Oyster Bay officials plan to release previously withheld documents about the town's controversial concessions agreements with Harendra Singh, Supervisor John Venditto said Tuesday.
"The part of the story that's missing . . . will come forward," Venditto said at a town board meeting.
Documents are to be released over several days, he said. He did not specify what they will entail.
"The public does have an absolute right to know, and they will know," Venditto said.
The document release may begin Wednesday, town spokeswoman Marta Kane said.
Newsday reported last month that Oyster Bay backed loans on behalf of Singh's companies -- exposing the town to millions of dollars of liabilities -- and that Singh's companies had arranged and paid for trips by town and county officials.
Singh's companies, which provide food and beverage service at the town golf course, Tobay Beach and Tappen Beach, have struggled financially and faced lawsuits from creditors in recent years.
The town has not released its most recent concessions agreements with Singh; and Venditto refused to answer a reporter's questions about Singh before or after Tuesday's meeting.
Singh's attorney Howard Greenberg of Smithtown said Tuesday that he did not know why the documents had been withheld. "Some of them I believe are public record," he said.
Greenberg also disputed Venditto's claim on Tuesday that if the town terminated its agreements with Singh without cause, it would owe nothing at Tobay Beach and up to $2 million at the golf course.
"It's contrary to all the recent and current agreements," Greenberg said. The payments to Singh would be based on the amount of capital improvements he made at the facilities, which town officials said last year amounted to $11.7 million.
Greenberg said Singh's companies are current in their payments to the town and that he expects they will continue their long-term concession agreements.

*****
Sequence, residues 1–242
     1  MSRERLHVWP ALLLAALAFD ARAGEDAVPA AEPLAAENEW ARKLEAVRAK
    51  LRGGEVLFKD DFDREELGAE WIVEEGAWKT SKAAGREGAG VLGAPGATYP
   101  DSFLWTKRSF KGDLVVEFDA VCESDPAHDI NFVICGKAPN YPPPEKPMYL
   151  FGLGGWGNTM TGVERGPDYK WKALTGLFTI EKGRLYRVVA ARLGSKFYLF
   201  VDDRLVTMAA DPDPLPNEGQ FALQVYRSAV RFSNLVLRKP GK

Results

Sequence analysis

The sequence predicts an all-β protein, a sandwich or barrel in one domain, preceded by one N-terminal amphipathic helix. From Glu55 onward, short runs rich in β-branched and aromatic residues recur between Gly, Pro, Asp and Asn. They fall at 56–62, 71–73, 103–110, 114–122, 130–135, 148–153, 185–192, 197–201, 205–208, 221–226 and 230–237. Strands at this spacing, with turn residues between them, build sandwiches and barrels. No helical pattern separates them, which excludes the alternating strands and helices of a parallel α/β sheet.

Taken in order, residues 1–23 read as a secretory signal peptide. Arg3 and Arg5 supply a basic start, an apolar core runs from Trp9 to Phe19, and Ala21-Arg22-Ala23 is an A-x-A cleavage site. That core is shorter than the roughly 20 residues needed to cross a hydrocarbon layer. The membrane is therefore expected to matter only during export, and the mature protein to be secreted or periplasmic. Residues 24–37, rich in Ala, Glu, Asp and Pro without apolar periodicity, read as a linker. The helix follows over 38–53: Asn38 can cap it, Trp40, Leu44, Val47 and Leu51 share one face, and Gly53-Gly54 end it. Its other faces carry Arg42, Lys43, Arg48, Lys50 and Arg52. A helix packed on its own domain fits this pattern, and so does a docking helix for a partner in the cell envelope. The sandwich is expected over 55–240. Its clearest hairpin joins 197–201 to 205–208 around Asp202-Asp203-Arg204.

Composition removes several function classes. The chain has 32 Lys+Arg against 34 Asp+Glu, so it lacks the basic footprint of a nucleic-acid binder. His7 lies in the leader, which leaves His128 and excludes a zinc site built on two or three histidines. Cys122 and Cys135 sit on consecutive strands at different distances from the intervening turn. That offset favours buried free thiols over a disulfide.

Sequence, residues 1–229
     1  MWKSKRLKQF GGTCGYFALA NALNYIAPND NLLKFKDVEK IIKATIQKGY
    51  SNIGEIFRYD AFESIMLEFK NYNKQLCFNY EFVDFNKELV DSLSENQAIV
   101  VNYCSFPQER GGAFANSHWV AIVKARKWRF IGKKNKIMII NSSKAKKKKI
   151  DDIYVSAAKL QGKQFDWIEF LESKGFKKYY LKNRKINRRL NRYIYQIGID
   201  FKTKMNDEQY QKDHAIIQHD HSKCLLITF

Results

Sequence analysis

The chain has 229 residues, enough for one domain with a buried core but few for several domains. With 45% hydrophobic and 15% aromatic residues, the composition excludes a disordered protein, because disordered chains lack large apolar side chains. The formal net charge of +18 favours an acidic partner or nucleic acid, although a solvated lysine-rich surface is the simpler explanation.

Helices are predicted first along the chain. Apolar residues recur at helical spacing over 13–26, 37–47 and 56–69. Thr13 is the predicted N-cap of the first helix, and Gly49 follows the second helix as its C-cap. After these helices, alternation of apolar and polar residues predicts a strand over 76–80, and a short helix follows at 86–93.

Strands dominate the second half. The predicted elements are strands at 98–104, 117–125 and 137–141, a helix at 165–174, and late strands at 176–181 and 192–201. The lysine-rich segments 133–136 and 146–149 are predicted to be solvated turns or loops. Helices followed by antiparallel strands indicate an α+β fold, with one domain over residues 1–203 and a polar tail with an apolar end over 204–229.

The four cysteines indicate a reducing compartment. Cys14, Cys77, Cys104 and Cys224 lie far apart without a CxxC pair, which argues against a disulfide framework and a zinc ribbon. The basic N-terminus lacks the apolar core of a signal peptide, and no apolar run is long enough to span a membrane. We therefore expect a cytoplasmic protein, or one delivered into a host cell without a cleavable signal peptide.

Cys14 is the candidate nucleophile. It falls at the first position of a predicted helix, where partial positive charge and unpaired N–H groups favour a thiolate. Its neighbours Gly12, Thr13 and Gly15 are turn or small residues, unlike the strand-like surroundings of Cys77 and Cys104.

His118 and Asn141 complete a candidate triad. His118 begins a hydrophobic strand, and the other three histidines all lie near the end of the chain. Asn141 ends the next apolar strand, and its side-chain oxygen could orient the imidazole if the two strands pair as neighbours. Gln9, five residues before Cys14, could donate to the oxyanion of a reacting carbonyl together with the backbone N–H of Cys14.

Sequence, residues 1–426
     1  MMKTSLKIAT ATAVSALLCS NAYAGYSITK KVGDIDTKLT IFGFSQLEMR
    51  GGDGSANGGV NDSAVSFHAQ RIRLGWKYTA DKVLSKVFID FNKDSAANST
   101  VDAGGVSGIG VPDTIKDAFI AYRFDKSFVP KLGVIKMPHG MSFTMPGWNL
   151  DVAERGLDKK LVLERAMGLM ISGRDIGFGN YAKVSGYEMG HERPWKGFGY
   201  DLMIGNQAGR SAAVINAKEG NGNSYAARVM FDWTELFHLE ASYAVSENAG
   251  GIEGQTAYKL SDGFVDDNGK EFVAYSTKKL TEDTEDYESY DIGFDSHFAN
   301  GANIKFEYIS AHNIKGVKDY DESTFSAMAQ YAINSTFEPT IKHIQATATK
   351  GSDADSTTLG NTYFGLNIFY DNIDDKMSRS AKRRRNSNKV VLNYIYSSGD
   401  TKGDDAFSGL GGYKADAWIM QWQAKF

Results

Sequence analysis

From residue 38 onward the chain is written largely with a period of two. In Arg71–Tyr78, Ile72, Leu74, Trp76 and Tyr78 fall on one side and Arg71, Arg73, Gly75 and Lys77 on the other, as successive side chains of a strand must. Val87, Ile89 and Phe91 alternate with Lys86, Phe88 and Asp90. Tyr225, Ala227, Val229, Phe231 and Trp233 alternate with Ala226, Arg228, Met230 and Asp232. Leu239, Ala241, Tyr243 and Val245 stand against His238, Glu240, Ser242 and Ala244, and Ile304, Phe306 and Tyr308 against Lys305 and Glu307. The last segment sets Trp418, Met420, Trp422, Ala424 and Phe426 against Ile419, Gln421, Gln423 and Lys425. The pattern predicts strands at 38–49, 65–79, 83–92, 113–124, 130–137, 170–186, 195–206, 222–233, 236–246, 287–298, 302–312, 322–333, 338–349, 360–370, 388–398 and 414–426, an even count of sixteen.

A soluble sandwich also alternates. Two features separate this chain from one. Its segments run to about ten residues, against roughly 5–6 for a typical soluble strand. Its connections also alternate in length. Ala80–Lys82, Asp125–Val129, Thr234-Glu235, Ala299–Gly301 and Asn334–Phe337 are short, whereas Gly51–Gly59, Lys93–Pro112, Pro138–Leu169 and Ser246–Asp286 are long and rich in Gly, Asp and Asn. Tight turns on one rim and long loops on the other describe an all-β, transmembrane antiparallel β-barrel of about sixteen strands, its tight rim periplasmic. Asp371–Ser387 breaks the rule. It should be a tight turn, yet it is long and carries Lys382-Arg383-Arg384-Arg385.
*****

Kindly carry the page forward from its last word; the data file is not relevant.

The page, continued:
At the meeting, Hicksville resident Paul Molinari, 66, said he was "very disturbed [by news reports] that town employees in their official capacity have been accused of accepting travel paid by a contractor . . . and negotiating agreements more favorable to the contractor than to the town . . . In town government, the buck stops with you, Mr. Supervisor, and the town board."
Venditto defended the town's limited responses on Singh, saying "outside agencies" are looking into the matter, which could involve "very significant litigation."
He added, "There's a way you need to do things, and sometimes being quiet and doing it the professional and the right way to protect your residents is much more difficult than standing up and pounding your chest," Venditto said. He also said residents should "allow for the possibility that the town might have been victimized," but he did not elaborate.
He referred to a deputy town attorney as a "bad apple" whose actions should not affect residents' view of their board. Deputy Town Attorney Frederick Mei figures prominently in documents obtained by Newsday that show he was involved in negotiations over the town's backstops for Singh and took a trip paid for by the businessman.
A call to Mei on Tuesday was not returned.
Oyster Bay Democrats have seized on the Singh issue, last week calling for the Securities and Exchange Commission to investigate whether the town violated disclosure laws over the financial backstops.
Robert Freier, an executive recruiter from Woodbury and Democratic candidate for town board, tried to ask the board Tuesday how they had voted on them, but Town Attorney Leonard Genova advised board members not to answer due to potential litigation.
The town board on Tuesday retroactively hired the firm Quinn Emanuel Urquhart & Sullivan LLP beginning on May 1 to represent it in the Singh matters but did not disclose what it was being paid.